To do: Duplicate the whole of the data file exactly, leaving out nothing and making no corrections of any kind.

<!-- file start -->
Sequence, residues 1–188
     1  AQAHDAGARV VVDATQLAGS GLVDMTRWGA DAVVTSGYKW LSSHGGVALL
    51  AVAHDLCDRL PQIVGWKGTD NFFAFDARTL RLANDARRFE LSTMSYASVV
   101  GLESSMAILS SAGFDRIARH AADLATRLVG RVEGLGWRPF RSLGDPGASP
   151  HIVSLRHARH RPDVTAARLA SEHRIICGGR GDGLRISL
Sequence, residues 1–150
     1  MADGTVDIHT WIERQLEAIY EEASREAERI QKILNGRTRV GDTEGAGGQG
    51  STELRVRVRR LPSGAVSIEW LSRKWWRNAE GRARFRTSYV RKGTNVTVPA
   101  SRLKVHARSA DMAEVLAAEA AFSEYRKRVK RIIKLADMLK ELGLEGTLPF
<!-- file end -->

Sequence, residues 1–188
     1  AQAHDAGARV VVDATQLAGS GLVDMTRWGA DAVVTSGYKW LSSHGGVALL
    51  AVAHDLCDRL PQIVGWKGTD NFFAFDARTL RLANDARRFE LSTMSYASVV
   101  GLESSMAILS SAGFDRIARH AADLATRLVG RVEGLGWRPF RSLGDPGASP
   151  HIVSLRHARH RPDVTAARLA SEHRIICGGR GDGLRISL
Sequence, residues 1–150
     1  MADGTVDIHT WIERQLEAIY EEASREAERI QKILNGRTRV GDTEGAGGQG
    51  STELRVRVRR LPSGAVSIEW LSRKWWRNAE GRARFRTSYV RKGTNVTVPA
   101  SRLKVHARSA DMAEVLAAEA AFSEYRKRVK RIIKLADMLK ELGLEGTLPF